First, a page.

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Disability Discrimination

The only disability in life is a bad attitude. Scott Hamilton


When it comes to disabilities and stereotypes, many of them are with regard to the level of how much one is physically, mentally, or emotionally capable of performing. As with all other stereotypes, this mindset can be damaging to the one who is being talked about, as well as the one doing the talking, as limiting another’s abilities, can result in lost productivity.

Employer Responsibilities

When posting jobs, companies cannot use wording that openly discriminates against people with disabilities. Additionally, they cannot require candidates to disclose any disabilities. They may request the information, but not force candidates to respond. Although employers cannot dismiss candidates on the sole basis of disability, if one has a disability that will prevent the individual from performing essential job duties even if accommodations are provided, the employer may seek other candidates that are more qualified.

If an individual with a disability is hired, the company must make ample effort to ensure the employee has any accommodations necessary to perform their job. In addition, the employee cannot be paid less because of the disability. In addition to the above, employees with disabilities are protected when it comes to:

  • Firing
  • Promotion
  • Benefits
  • Training
  • Job assignments
  • Leave
  • Lay-off

HR and Best Practices

It is unlawful for HR to ask an applicant:

  • Whether or not he/she is disabled, or the extent of a disability

Upon interviewing applicants, HR should ask questions as to an applicant’s ability to perform specific actions related to the required tasks.  These questions cannot be “disability” formatted.   All questions, both before hiring and after, must be job-related.

  • To take a health examination, before offering a position to him/her

Once the position is offered, a medical examination can be required, if all other applicants are required to take the same examination.  After the hiring process is complete, a medical examination cannot be required of an employee unless of the instance of a job transfer and the new position requires one.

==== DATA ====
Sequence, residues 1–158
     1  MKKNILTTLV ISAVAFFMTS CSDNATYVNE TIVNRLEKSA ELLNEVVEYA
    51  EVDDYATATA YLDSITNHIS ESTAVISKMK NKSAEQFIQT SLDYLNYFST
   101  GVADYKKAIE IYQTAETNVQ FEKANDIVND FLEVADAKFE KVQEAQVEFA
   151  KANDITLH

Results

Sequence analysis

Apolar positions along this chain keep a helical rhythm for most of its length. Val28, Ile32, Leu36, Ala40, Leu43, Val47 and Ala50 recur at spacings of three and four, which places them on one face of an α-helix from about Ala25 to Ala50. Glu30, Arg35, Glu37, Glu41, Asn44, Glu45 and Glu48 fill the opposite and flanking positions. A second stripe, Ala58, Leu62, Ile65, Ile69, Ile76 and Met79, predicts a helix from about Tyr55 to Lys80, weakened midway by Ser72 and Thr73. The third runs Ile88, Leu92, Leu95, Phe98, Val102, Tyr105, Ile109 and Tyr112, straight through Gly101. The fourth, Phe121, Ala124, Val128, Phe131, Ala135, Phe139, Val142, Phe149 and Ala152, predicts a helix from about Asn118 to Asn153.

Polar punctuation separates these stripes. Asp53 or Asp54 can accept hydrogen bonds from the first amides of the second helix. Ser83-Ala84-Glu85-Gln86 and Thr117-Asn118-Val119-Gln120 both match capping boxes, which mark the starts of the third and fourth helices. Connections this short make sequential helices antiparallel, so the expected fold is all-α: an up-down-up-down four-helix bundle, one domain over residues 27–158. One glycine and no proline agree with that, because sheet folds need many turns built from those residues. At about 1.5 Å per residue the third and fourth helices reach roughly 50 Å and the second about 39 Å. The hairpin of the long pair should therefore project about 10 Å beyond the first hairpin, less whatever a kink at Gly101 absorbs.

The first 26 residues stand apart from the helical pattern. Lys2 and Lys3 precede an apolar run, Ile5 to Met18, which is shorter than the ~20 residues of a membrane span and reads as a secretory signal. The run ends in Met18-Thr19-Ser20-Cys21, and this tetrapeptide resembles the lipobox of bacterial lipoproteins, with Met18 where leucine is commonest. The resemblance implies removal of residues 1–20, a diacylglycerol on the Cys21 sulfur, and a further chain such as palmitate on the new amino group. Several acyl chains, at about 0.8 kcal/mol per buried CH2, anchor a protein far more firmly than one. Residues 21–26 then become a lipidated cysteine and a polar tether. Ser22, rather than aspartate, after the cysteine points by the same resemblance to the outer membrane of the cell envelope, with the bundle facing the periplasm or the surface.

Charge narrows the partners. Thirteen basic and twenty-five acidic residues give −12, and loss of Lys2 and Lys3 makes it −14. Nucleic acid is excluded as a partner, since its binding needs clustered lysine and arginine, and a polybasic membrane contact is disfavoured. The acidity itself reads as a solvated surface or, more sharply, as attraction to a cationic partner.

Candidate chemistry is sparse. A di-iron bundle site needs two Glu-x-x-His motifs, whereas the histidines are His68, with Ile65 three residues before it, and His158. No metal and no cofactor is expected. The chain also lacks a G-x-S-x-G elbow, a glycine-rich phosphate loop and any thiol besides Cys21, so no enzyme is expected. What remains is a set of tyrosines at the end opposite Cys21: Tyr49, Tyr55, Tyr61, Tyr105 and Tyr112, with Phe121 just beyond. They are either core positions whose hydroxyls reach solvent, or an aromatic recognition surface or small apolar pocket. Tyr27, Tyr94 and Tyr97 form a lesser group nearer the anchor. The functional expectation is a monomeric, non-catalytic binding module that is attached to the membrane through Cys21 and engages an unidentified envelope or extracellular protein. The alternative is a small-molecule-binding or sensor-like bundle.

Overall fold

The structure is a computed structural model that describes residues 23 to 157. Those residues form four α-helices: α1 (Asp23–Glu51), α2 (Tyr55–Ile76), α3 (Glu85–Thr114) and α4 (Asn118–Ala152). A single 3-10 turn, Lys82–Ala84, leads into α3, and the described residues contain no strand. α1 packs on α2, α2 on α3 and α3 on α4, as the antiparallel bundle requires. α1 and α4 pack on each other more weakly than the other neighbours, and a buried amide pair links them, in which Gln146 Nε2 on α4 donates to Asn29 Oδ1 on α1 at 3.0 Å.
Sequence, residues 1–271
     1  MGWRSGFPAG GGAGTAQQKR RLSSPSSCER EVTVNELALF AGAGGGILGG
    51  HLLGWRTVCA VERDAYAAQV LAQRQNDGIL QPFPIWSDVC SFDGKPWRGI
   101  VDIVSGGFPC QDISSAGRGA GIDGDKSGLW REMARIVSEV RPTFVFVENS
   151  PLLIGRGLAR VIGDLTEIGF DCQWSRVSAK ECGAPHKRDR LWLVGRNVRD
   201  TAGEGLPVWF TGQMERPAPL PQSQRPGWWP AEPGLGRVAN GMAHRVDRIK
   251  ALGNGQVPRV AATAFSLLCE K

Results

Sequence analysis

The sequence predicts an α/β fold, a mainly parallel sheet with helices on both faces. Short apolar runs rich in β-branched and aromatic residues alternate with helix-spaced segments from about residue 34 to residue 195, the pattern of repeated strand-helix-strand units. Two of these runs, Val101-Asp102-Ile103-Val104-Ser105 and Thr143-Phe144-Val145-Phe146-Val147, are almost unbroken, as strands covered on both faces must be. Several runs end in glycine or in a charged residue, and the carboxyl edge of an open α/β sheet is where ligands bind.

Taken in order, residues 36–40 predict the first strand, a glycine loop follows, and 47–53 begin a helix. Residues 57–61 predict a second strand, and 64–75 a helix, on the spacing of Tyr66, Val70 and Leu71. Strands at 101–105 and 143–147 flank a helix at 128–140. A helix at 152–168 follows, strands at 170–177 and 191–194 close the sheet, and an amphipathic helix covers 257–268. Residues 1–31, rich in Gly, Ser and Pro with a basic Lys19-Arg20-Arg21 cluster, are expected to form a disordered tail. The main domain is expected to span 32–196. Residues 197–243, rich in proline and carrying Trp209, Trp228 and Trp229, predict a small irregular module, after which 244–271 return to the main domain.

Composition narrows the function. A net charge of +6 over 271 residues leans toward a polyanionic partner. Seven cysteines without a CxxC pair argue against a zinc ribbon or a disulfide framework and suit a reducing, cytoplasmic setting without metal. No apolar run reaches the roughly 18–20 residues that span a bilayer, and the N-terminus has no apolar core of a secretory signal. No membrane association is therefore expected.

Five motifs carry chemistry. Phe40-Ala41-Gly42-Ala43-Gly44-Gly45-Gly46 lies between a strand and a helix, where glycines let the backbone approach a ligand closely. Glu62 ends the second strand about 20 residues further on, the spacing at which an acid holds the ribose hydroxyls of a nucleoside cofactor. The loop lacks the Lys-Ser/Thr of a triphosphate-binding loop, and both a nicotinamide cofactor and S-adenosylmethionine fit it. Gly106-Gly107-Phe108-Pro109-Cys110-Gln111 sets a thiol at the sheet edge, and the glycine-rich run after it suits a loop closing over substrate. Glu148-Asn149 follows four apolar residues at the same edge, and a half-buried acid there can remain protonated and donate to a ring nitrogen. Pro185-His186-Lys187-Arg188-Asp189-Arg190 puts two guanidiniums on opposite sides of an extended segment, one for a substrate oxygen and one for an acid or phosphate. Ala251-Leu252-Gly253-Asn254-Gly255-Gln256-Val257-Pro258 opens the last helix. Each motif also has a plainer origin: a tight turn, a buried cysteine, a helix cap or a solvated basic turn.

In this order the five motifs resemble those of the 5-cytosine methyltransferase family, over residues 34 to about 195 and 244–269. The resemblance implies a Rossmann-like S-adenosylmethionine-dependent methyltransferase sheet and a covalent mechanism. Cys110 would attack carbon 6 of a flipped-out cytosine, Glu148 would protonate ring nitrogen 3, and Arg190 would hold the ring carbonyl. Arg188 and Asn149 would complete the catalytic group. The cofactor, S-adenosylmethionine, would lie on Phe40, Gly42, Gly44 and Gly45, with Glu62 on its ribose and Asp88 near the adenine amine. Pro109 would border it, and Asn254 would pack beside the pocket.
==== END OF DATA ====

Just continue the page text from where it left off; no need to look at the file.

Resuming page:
Elephant in the Room

Just like any other group of people, there are many stereotypes concerning persons with disabilities.   And just like any other stereotypes, these too are false.  These generalizations are based on ideas and assumptions that are completely unfounded.  Ideas such as “disabled people need all of our sympathy.”   This statement is the opposite of the truth.  Disabled people do not want sympathy, rather a fair chance at the same lives that everyone else enjoys.

Some of the other stereotypes include that disabled people are:  slow, dumb, unproductive, unfriendly, socially backwards, and many, many more.  Disabled people are able to perform the same tasks as other unaffected employees, if given the chance.

Overcoming Stereotypes

One way for a company to overcome the stereotypes regarding persons with disabilities, is to foster a work culture that is inclusive and diverse.  Starting from the top of the organization, down to the last person hired, everyone must be sensitive to the issues surrounding disabilities.

A work culture that supports disabled employees should include:

  • A diverse and inclusive work force that includes employees with different abilities.
  • A well-designed compliance and anti-harassment program.
  • Sensitivity or diversity training for all employees, including management.
  • Employee educational items such as posters, pamphlets, handbooks, etc.


Copyright Notice 

Copyright © 2015 by Global Courseware, Inc.

Used under licensing permission